Psychosexual evaluation ordered for former Box Elder County Sheriff deputy

Oct 15 2012 - 5:44am



BRIGHAM CITY -- A judge has ordered a psychosexual evaluation for a former Box Elder County Sheriff's deputy fired, charged and sued for allegedly pulling motorists over and checking the young females for tattoos.

Scott Womack, 36, is charged in five different courts for the alleged tattoo scam.

In addition to 1st District Court here, Womack also is charged with the allegations in Box Elder County Justice Court and the justice courts for Garland and Tremonton. The charges in the four courts recount six incidents in which women were searched under the ruse of checking for tattoos described in warrants that did not exist.

All of the incidents came between July and November 2010, when Womack was on patrol for the sheriff's office.

He's also charged with eight misdemeanors listing eight victims in federal court in Salt Lake City for the same type of illicit encounters in the same time frame investigated by the FBI. Two alleged victims have filed a civil suit in federal court.

First District Judge Ben Hadfield ordered the psychosexual probe this week. The request for the examination was agreed to by the prosecutor when sought by the defense. Hadfield set a Nov. 19 hearing to review the evaluation meant to determine if Womack is a sexual predator.

The case has been basically on hold much of the year in the five courts as officials have sought a "global resolution" of all the charges, which has been reflected in court records.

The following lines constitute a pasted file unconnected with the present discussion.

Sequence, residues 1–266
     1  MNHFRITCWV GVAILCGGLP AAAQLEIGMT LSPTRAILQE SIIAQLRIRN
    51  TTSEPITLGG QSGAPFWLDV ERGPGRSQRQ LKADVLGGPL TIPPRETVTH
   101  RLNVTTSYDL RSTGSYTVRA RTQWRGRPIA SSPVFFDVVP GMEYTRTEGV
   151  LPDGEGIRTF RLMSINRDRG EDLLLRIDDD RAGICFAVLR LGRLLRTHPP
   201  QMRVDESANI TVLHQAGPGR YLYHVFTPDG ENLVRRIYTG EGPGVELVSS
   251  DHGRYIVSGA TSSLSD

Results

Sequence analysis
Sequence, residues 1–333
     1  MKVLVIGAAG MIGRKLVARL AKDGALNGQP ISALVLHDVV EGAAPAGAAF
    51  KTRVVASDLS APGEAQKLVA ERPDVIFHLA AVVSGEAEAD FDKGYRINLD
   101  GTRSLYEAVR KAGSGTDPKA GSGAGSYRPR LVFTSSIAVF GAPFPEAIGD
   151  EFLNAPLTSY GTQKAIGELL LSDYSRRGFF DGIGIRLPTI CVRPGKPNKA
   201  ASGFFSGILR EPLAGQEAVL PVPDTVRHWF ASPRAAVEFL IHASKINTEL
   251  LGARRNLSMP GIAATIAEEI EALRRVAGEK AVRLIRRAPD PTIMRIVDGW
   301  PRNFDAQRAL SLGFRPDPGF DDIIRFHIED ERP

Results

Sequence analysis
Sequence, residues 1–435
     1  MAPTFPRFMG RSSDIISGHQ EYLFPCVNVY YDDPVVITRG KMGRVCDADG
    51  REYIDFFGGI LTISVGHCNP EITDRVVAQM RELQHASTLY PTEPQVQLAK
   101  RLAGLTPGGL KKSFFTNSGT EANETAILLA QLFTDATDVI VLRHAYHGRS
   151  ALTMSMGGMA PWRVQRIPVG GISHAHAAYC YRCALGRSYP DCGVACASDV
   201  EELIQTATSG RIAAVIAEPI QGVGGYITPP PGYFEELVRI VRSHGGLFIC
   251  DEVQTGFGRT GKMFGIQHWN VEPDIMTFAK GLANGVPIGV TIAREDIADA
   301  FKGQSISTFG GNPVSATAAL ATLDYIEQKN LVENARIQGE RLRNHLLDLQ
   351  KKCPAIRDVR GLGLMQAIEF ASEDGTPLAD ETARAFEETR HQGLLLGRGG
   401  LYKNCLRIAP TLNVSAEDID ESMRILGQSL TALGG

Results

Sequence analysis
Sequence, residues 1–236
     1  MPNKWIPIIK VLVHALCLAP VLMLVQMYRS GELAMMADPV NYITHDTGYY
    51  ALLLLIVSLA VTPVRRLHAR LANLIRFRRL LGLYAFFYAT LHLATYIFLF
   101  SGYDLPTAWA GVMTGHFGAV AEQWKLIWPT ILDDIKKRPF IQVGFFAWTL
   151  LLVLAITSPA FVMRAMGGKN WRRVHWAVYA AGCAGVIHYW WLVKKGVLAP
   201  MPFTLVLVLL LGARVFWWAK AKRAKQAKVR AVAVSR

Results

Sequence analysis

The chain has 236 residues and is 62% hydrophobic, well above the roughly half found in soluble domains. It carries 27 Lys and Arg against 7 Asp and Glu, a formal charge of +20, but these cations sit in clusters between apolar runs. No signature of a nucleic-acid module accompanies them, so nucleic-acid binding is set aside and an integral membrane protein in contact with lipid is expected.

All the various prosecutors and public defenders agreed to the request for the psychosexual testing for Womack, said Bernie Allen, public defender on the only felony charge against Womack, which is pending before Judge Hadfield.

The charges there are felony custodial sexual conduct with a minor and official misconduct, a misdemeanor.

"Everyone wanted it," Allen said of the sexual probe, needed before negotiations can seriously go forward. "And we want everyone to be clear to make the resolution based on the facts, not supposition.

"We feel it's not a sexual offense case, but a search violation. And our goal in this, or in any case like this, is to keep him off the sex offender registry."

Cases like Womack's would dilute the sex offender registry "to the point it's almost meaningless," Allen said. "It's gone well beyond violent predators."

Box Elder County officials have declined any comment on Womack because the county is named as a co-defendant with him in the civil suit pending in federal court.

The federal criminal counts of deprivation of constitutional rights are misdemeanors, according to court records, and carry up to a year in federal prison.

Womack was fired last year by the sheriff's office after investigation of the incidents.

The civil suit is still in discovery with no court dates, and only the First District Court case shows any pending court dates among the many criminal charges. The felony could bring up to five years in state prison.

A felony conviction would also end Womack's certification as a police officer.

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